It also has some bigger names of older days. The star, the rooster Chanticleer, is played by Glen Campbell, an American Country star who sang “Rhinestone Cowboy” and “Gentle On My Mind”. The movie’s narrator and one of our main characters, a basset hound named Patou, is voiced by Phil Harris, who you would probably recognize the most as O’Malley in Disney’s “The Aristocats”. And Ellen Green, a personal favorite, is the pinup pheasant Goldie. Ellen was the original Audrey in Little Shop of Horrors, both in the Broadway cast and in the 1986 movie. And her character, Goldie, was based off of Jessica Rabbit as another attempt to harken back to the Roger Rabbit success. But those are just a few names, it also includes other notable older actors from the golden days of stage and film like Christopher Plummer, Sandy Duncan, and Eddie Deezen.

We start out rolling through some of the credits (the tell of a movie pre-2000’s era) in a galaxy scene, until we fly over to our little rock- Earth- and down to a farm where Chanticleer, a crooning Rooster, has started his crowing song to wake the sun up and bring it around for the rest of his farm. This launches us into the first song of the movie, “Sun Do Shine”, where Chanticleer dances around the farm, bringing the sun and waking up his friends on the farm as well, who all greet him with a smile.

But one morning, while it’s still dark, Chanticleer is woken up by an intruder on the farm, another rooster who has come to fight him. They tussle, and Chanticleer wins the fight, but loses the larger battle. You see, the rooster was just a distraction sent by the Grand Duke of Owls, and it had worked. Chanticleer was so busy fighting the other rooster that he forgot to crow for the sun, but it still came up without him. This crushed Chanticleer, and he started to wonder if his crow had ever actually raised the sun before. Feeling like a fake, and because he lost his reason to crow, he left the farm, headed to find work in the big city. But without Chanticleer, the sun didn’t come up on the farm again, and a very heavy rain started.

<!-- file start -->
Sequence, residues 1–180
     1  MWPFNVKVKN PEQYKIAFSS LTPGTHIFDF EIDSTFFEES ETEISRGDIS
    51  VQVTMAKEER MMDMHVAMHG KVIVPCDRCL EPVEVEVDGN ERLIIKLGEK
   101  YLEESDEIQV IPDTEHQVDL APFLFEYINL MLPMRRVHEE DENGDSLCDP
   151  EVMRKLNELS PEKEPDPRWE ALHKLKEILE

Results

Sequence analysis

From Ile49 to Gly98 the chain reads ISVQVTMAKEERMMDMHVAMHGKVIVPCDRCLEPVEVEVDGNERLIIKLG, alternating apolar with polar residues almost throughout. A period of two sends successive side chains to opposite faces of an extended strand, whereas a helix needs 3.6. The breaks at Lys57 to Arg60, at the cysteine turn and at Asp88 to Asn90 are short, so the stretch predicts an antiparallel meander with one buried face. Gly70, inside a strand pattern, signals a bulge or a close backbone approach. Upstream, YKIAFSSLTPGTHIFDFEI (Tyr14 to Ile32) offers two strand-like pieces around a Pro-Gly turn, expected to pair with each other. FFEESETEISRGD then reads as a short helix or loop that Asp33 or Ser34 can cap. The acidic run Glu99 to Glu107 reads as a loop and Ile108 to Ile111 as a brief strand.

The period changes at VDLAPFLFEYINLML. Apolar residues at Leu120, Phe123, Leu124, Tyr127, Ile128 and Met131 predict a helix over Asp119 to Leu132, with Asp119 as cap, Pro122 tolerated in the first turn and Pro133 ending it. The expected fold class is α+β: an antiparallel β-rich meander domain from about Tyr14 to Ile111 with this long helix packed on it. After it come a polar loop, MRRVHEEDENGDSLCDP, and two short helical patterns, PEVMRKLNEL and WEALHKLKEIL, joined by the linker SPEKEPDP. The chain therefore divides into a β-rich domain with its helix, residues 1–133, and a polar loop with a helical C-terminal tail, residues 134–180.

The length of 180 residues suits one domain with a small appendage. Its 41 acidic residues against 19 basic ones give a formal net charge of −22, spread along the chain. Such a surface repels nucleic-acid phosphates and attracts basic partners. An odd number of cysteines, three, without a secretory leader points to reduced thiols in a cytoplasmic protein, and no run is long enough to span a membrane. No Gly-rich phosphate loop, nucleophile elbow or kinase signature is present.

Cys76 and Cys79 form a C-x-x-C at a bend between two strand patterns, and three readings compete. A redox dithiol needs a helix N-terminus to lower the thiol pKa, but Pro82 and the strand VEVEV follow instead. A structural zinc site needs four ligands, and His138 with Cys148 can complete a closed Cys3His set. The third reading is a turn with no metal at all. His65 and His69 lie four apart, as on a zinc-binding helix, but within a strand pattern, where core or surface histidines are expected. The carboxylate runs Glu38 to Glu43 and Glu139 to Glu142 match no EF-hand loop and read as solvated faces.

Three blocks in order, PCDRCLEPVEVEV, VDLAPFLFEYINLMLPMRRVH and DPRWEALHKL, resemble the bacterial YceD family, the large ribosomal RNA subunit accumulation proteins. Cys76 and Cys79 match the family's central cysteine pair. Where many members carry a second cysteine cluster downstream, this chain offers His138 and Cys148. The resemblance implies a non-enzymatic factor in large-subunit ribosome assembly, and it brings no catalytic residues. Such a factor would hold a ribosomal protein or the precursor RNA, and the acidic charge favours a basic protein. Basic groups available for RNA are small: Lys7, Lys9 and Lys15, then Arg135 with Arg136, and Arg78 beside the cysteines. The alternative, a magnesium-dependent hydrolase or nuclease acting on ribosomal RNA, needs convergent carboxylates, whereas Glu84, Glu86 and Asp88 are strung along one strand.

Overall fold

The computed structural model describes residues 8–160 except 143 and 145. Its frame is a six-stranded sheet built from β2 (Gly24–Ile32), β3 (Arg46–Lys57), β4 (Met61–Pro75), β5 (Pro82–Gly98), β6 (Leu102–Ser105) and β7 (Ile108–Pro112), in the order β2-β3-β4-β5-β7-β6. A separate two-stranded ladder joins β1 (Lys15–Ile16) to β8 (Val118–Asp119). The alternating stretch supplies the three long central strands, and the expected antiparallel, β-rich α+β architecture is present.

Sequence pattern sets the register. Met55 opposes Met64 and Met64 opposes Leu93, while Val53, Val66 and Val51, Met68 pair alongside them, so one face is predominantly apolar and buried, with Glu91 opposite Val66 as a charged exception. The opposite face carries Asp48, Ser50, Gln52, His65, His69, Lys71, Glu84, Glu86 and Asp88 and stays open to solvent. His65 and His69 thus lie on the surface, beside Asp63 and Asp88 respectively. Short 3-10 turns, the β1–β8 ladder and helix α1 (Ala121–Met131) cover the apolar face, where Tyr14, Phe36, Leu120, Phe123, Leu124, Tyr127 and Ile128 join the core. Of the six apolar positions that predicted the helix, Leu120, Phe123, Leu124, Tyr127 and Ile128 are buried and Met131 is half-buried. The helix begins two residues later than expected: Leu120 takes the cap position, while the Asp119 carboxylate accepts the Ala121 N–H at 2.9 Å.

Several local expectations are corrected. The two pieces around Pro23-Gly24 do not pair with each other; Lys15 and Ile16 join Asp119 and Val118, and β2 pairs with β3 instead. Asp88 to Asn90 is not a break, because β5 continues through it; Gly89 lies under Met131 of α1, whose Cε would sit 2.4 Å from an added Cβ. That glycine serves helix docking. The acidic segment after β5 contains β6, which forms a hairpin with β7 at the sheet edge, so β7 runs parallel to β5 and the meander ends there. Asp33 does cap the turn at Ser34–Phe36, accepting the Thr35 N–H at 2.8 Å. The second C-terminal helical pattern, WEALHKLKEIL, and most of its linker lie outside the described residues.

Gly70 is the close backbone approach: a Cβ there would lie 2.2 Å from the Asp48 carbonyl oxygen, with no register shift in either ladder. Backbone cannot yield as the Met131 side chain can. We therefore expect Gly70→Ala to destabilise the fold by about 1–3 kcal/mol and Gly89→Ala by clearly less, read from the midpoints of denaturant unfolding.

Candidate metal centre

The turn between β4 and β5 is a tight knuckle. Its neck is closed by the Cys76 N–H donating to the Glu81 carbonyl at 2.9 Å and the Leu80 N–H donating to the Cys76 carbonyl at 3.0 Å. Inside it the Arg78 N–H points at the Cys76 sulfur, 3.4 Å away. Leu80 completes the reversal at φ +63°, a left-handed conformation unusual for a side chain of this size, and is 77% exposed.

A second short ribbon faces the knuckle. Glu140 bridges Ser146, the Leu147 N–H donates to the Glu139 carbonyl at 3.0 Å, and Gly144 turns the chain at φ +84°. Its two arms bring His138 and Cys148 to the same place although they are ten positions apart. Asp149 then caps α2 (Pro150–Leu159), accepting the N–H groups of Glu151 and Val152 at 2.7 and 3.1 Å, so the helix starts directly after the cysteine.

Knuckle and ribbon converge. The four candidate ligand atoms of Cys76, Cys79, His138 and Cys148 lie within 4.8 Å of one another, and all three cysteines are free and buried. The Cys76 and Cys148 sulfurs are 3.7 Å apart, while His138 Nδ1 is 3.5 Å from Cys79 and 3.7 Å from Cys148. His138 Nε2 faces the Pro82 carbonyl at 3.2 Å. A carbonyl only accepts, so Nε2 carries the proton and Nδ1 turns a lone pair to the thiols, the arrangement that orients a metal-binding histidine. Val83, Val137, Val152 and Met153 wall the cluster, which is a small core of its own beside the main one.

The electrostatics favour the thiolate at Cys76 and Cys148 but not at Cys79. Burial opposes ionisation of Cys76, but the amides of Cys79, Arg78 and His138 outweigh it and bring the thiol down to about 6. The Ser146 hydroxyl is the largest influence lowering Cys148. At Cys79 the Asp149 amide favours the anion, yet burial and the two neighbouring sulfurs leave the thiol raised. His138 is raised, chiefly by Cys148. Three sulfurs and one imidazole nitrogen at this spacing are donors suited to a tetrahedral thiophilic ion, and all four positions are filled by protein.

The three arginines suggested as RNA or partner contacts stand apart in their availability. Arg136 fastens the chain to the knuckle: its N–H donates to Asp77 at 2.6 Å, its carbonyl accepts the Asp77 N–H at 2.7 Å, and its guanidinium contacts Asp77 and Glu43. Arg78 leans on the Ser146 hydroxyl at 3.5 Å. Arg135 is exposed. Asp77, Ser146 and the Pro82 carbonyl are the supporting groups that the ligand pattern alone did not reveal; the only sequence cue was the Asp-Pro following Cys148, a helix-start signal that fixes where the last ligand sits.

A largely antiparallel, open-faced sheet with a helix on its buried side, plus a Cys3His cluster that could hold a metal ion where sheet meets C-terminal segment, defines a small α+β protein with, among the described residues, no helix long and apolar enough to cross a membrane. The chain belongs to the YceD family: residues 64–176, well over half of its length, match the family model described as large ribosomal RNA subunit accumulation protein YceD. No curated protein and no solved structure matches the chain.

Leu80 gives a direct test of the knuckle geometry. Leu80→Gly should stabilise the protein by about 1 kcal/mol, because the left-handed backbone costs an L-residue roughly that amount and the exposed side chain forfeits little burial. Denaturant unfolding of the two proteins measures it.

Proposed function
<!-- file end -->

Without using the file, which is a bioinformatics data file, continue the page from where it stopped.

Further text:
This is where we cut to one of the live action parts of the movie, and are introduced to Edmond, a little boy who’s getting ready for bed while his mother reads him the Chanticleer story. Edmond lives on a farm of his own that’s also facing a lot of rain, as a bad storm moves in and his father and brothers run out to stack sandbags to prevent flooding, and make sure the animals are safe. He wants to be a big boy and go help his brothers, but his mother says to stay back and keep reading his story, while she goes out to help them instead, and the storm worsens. He throws open the window and calls out the famed “Chanticleer! Chanticleer!” into the rain, but a lightning bolt hits a tree near his room, and the crash throws him back in bright swirling colors.

This is where we get one of the hardest mixes of animation and live action, when a tree limb, that looks like a frightening claw, crashes through Edmond’s wall and brings with it the Grand Duke of Owls, who uses his power to transform Edmond into a little kitten, so he can eat him! Fun fact, in initial viewings the Duke’s face was deemed “too scary”, so they gave his magic a glittering quality to try to distract the younger children. I’m not sure if it made him less scary or just fancier.